A grand jury did not bring charges against the NYPD officer. Garner’s widow broke down in tears while addressing the conference crowd at a Manhattan hotel.

Asked about how the version of the event changed after the video was released, de Blasio said: “I think it’s cautionary. I think this is part of why we’re very hopeful about what the body camera pilot program will mean” in New York.

Sharpton praised the police and mayor of North Charleston “for doing the right thing” in charging the officer.

The grand jury’s decision led to days of protests that swept through city streets. A gunman cited Garner’s death on social media before he gunned down two NYPD officers in December, which led the city’s police unions into an open revolt against de Blasio, who they blamed for permitting an anti-NYPD sentiment to take hold in the city. The tension between de Blasio and the police has lessened since then.

North Charleston Mayor Keith Summey said Wednesday that Slager been fired.

Summey made the announcement during a news conference that was frequently interrupted by demonstrators chanting “no justice, no peace.”

Police Chief Eddie Driggers said he was “sickened” watching video that was taken by an unidentified witness.

Summey did not answer many questions about what happened before the shooting, saying that was part of state law enforcement’s investigation. He did say that there is dash-cam video of the traffic stop before the shooting, but he has not seen it and it has not been released to the public.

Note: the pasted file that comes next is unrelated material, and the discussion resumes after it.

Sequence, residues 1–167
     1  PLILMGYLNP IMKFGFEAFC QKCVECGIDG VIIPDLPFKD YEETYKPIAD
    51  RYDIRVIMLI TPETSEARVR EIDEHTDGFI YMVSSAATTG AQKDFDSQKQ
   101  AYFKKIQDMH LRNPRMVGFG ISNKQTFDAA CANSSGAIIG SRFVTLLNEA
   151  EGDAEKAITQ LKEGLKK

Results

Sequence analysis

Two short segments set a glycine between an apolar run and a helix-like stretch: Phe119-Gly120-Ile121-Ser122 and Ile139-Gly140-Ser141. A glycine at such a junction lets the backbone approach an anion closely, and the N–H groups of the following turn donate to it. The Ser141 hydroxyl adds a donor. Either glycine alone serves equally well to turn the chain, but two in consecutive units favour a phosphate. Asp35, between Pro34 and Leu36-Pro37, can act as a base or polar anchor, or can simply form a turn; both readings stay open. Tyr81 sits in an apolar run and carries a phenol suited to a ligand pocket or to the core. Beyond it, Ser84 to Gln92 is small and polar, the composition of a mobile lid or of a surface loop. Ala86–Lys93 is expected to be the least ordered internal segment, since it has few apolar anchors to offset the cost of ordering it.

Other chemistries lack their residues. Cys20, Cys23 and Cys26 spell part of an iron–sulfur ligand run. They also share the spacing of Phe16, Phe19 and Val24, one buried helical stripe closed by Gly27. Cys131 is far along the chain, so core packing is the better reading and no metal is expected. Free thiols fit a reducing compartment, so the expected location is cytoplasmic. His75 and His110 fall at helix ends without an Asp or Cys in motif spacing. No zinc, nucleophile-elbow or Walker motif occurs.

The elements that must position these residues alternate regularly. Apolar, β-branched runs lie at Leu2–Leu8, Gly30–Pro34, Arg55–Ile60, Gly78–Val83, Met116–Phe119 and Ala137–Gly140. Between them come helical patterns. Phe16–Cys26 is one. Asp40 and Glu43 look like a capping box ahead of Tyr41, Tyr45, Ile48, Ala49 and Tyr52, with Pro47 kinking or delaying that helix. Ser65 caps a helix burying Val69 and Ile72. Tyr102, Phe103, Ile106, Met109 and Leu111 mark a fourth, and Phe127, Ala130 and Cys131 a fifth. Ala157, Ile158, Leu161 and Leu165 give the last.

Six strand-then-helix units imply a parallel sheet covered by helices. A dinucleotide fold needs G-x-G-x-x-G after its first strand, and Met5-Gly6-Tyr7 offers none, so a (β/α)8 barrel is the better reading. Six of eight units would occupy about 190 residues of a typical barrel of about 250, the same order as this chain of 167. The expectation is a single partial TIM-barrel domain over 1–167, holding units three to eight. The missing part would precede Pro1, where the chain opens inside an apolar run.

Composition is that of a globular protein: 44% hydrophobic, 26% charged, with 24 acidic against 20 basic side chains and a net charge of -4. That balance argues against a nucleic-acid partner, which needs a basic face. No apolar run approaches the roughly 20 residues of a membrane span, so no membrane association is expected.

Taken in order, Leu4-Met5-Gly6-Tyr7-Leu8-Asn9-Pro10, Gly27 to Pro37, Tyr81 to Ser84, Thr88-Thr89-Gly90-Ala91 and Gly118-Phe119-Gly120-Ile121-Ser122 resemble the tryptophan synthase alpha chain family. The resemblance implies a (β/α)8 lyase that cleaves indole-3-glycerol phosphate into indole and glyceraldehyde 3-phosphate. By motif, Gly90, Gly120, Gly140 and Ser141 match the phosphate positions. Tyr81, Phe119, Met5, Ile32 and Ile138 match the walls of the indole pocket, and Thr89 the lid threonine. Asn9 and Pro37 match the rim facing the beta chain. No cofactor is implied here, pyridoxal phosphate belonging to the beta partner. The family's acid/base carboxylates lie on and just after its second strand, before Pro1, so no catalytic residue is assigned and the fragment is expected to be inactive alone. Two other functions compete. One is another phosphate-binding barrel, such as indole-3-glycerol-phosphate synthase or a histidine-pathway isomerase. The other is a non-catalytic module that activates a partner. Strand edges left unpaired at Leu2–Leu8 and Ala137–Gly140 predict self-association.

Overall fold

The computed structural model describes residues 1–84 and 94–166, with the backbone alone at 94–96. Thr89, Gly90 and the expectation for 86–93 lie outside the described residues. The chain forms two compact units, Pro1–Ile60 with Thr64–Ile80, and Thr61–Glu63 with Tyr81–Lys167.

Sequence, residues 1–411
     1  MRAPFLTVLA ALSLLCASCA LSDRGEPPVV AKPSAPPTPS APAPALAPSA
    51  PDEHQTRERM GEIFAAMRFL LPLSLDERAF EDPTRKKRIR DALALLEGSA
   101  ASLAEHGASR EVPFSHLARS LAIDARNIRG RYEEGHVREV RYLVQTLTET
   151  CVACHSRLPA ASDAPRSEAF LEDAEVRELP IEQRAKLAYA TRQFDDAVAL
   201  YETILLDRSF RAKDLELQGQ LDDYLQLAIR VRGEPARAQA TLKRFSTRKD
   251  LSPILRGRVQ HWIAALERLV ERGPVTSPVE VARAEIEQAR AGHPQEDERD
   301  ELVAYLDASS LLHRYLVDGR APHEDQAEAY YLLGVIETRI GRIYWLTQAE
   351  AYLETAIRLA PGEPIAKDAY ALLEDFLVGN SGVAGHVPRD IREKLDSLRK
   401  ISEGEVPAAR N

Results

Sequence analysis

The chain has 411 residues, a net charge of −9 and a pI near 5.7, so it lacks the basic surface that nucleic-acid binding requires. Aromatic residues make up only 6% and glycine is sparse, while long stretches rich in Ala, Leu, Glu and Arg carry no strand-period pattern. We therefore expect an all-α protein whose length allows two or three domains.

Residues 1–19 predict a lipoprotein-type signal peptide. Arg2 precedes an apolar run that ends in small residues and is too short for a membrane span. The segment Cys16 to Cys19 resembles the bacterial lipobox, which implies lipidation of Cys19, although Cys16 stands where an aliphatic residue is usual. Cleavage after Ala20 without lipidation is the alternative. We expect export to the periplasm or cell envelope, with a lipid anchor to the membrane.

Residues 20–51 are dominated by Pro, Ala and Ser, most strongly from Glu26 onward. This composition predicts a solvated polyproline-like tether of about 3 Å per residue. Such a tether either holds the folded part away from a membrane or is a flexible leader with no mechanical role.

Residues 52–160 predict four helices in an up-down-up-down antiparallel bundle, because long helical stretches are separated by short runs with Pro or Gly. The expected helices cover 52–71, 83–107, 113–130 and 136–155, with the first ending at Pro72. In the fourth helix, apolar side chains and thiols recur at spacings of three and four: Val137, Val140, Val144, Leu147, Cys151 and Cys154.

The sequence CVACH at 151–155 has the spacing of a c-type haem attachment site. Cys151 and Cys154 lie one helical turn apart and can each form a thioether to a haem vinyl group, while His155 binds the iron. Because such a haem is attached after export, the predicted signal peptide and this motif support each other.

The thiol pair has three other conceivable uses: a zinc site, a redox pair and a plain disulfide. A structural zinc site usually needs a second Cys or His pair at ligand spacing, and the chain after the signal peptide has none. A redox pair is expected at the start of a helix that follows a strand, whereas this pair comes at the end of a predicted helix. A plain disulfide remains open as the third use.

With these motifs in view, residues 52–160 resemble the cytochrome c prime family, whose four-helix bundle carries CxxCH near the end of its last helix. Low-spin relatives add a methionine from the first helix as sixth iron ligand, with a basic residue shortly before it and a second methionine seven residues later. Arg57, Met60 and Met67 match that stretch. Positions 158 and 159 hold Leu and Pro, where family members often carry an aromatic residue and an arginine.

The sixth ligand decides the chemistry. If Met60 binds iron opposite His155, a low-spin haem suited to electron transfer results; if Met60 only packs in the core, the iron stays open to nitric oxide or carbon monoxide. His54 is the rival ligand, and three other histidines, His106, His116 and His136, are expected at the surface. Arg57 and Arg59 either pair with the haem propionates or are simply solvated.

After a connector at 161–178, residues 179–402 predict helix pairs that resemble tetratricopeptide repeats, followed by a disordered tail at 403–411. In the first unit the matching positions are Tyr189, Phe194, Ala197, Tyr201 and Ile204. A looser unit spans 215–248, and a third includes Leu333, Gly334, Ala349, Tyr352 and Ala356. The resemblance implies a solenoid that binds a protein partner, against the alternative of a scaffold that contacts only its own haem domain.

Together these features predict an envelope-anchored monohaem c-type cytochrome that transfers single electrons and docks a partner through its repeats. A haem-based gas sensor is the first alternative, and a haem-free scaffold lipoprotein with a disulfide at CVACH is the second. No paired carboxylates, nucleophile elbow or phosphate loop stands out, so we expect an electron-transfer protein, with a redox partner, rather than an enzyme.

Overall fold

Summey said the officer’s wife is eight months pregnant and the city will cover her insurance until after the baby is born.

The mayor added that to prevent future incidents the city is buying more than 250 body cameras for police.

“Every officer that’s on the street in uniform will have a body camera,” Summey said.

Meanwhile, authorities in South Carolina have released the radio dispatch related to the shooting.

On the recording, Slager can be heard telling a dispatcher that he is conducting a traffic stop on a gray Mercedes-Benz. Breathing heavily, Slager then says he is in a foot pursuit, giving the description: “Black male, green shirt, blue pants.”

The tape appears to have been edited by officials prior to its public release, making it unclear how much time passed between the calls. The dispatcher can be heard calling for all other police units in the area to respond. Several officers can be heard saying they are on the way. In the background, a voice yells “Lie on the ground!”

Seconds later, Slager says: “Shots fired. Subject is down. He grabbed my Taser.”

A voice asks if everyone at the scene is “10-4,’ a radio code often used by officers to mean “OK.”

Slager responds: “Everyone is 10-4, except for the suspect. … Gunshot wound, it looks like, to the chest, to the right side. Unresponsive. … Another gunshot wound to the buttocks.”